5.2 Taking the well into use
Deposits on the bottom of a well could indicate the moment when the well is taken into use. It seems no coincidence that such offerings would consist of pots (fig. 9). Although some of the pots could have been used for drawing water, Kok believes that the large number of pots found in wells and the combination with other materials is evidence for offerings (Kok 2008, 176-179). Gerritsen also describes the use of pots as offerings, although not in wells but in houses, where complete ceramic containers are the most common building offering (Gerritsen 2003, 74, 95-98). Gerritsen believes that the pots contained fluids or food, and names an example of a pot with barley found in a wall ditch of a house. A similar deposit was found at the bottom of a well in Castricum (Sier 1999, 67). The fact that some of the pots were useless as water containers is another argument for a non-functional interpretation. Just as there is a relationship between offer and occasion for the marking of the construction, in the same way the taking into use of the well is marked by an obvious offering of a container, either for drawing water or holding food.
Other objects may also have played a role in rituals marking the taking into use of wells. The category of ‘animated materials’ is important in this respect. Bradley believes that animated materials were used in deposits in new houses to give life to the house (Bradley 2005, 52). Something similar may have taken place with wells. A deposit of ´living material’ on the bottom of a well may have given life to the well. Fresh animal bones (or animal parts) are not a good choice for such offers, since they will rot and contaminate the water supply. For house offerings, this problem did not occur (Bradley 2005, 52; Gerritsen 2003, 74). Unlike animal parts, plant materials were suitable for giving life to wells, and deposits of cereals, nuts and seeds have been found. Another example is the deposit of medicinal plants. According to Van der Meer, one of the three plants, St John’s wort, represents the blood of the god Wodan to the Germans (Van der Meer 2008, 9; De Cleene & Lejeune 2000, 983-984).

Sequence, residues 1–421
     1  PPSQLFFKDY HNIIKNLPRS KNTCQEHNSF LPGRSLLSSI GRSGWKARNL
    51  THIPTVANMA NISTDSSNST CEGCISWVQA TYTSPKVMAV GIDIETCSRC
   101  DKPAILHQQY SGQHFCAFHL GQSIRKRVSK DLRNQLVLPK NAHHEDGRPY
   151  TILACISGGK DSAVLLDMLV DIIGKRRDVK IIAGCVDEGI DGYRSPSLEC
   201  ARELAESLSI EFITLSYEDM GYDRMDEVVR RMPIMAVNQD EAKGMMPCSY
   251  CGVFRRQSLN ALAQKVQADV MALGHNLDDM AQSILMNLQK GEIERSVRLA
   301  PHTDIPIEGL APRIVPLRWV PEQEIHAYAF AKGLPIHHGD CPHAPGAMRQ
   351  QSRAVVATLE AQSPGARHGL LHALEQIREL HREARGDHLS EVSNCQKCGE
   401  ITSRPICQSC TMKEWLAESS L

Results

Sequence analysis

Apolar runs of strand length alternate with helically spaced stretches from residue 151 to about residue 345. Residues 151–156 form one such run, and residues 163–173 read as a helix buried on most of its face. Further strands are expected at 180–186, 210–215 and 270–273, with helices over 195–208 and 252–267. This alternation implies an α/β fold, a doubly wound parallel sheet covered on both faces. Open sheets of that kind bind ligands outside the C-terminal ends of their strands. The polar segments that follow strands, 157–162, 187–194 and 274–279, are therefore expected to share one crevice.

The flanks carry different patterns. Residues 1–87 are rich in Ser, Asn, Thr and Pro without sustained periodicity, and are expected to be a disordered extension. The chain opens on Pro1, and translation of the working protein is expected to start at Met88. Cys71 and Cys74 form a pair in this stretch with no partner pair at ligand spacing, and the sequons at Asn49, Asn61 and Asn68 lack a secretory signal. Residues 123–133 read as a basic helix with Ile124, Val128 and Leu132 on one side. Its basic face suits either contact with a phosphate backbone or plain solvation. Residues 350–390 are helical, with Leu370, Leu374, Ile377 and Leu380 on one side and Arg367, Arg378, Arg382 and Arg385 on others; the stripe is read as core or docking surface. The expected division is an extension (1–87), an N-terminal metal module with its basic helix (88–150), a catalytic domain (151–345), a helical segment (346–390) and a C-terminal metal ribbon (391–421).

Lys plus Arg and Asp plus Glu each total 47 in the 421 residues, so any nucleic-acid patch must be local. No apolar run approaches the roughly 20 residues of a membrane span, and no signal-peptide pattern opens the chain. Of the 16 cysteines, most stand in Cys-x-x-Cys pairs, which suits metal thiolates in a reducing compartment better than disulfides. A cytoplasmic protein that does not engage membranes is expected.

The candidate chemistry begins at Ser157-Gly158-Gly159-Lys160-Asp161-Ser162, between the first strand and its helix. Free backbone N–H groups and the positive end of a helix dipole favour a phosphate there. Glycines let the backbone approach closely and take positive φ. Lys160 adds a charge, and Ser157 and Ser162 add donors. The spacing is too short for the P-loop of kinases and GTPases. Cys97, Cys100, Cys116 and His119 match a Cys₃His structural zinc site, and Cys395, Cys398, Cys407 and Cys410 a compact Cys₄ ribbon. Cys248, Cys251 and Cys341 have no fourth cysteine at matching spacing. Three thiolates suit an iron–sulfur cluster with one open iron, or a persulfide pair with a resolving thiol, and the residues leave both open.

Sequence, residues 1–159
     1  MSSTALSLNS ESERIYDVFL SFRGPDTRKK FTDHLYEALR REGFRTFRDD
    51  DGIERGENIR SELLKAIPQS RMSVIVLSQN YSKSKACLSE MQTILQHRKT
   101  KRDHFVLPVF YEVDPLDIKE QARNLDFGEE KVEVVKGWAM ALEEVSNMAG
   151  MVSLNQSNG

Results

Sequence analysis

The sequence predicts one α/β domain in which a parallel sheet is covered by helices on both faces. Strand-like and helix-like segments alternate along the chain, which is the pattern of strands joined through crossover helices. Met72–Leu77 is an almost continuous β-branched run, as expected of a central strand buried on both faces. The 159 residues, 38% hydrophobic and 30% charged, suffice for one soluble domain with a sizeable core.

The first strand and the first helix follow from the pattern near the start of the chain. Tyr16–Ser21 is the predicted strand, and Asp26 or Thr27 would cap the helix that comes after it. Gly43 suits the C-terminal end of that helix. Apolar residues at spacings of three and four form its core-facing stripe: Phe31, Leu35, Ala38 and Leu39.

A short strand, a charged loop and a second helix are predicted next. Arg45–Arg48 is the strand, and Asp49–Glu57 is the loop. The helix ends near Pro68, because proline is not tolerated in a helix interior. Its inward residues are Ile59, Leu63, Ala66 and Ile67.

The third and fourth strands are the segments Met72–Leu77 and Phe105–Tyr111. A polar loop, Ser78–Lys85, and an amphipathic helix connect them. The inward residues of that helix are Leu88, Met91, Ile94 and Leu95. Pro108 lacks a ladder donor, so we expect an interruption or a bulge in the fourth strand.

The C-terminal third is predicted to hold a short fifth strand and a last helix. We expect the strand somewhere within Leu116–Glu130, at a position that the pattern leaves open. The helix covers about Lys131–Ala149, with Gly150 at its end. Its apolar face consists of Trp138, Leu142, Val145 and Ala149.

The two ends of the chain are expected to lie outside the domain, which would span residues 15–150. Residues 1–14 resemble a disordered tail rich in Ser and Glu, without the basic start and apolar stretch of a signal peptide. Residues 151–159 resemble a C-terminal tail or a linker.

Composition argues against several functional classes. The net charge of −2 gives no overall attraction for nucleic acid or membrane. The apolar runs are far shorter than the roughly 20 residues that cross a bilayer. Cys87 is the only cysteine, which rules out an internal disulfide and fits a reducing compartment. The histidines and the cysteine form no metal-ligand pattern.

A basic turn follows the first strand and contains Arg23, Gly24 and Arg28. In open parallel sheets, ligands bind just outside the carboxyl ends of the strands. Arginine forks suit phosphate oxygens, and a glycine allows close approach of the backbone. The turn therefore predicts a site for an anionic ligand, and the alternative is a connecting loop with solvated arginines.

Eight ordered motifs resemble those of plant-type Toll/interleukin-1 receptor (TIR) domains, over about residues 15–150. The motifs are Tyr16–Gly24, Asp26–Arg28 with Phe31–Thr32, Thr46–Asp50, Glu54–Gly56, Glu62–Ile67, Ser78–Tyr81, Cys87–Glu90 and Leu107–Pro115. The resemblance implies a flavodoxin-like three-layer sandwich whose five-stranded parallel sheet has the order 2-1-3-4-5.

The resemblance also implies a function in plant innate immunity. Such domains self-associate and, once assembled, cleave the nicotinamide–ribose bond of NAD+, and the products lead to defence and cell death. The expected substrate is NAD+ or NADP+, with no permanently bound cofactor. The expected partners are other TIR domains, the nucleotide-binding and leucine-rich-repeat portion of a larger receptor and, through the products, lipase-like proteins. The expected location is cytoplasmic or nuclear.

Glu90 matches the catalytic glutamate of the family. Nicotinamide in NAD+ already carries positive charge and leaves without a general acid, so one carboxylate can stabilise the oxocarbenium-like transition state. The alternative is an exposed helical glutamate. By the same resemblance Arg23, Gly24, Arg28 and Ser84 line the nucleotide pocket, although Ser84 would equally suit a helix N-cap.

Apart from plants, larger pieces of (unworked) wood may have been offered in the same spirit. In a Late Iron Age well in Oss-Ussen a long oak plank was found. It was carved in the shape of a stylised anthropomorphic figure and is seen as a tutelary deity of water. The statue rested against a large pointed wooden beam that was driven through the bottom of the well (Schinkel 1998, 139; Van der Sanden 1986, 73-78). Kok points out as well that not only certain plants, but also certain species of wood such as oak and alder were associated with gods and blood (Kok 2008, 166-169). The above mentioned ‘flow stakes’ can be seen in this respect as well. The doubts about their practical function and the above mentioned find of a deity statue with a flow stake strengthen a ritual interpretation.